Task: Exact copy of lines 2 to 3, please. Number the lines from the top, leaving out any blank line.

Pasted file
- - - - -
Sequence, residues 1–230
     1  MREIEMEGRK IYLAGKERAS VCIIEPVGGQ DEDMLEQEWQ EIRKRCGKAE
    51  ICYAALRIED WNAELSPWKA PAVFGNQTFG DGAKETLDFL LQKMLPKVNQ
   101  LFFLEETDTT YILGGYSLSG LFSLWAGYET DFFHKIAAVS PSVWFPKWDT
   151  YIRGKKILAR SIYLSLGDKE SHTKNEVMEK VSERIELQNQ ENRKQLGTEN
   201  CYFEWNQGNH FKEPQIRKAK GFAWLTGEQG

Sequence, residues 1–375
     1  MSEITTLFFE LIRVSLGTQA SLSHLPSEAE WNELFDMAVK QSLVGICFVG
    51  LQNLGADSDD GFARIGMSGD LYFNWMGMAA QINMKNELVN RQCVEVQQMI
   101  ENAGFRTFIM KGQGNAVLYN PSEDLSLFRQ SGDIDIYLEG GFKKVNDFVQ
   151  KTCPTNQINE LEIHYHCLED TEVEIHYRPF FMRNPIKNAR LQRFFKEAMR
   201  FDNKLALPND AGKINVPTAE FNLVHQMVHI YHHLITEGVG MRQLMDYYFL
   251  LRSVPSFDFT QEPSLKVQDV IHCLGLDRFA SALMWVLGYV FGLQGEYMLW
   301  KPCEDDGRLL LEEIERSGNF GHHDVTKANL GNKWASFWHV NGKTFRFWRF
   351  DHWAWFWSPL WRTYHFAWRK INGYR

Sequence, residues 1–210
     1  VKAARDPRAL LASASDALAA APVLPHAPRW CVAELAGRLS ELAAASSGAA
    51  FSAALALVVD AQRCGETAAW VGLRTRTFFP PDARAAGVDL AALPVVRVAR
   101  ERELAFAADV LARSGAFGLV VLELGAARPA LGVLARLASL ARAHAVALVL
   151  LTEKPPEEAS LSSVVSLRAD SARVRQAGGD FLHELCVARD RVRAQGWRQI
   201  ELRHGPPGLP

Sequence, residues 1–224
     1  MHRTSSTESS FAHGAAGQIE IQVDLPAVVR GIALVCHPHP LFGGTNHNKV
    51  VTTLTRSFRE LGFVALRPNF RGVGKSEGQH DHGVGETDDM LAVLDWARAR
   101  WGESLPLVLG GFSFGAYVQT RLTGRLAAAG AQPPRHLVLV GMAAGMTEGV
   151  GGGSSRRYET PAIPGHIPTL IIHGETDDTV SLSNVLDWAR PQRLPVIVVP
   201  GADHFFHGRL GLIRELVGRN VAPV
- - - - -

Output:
     1  MREIEMEGRK IYLAGKERAS VCIIEPVGGQ DEDMLEQEWQ EIRKRCGKAE
    51  ICYAALRIED WNAELSPWKA PAVFGNQTFG DGAKETLDFL LQKMLPKVNQ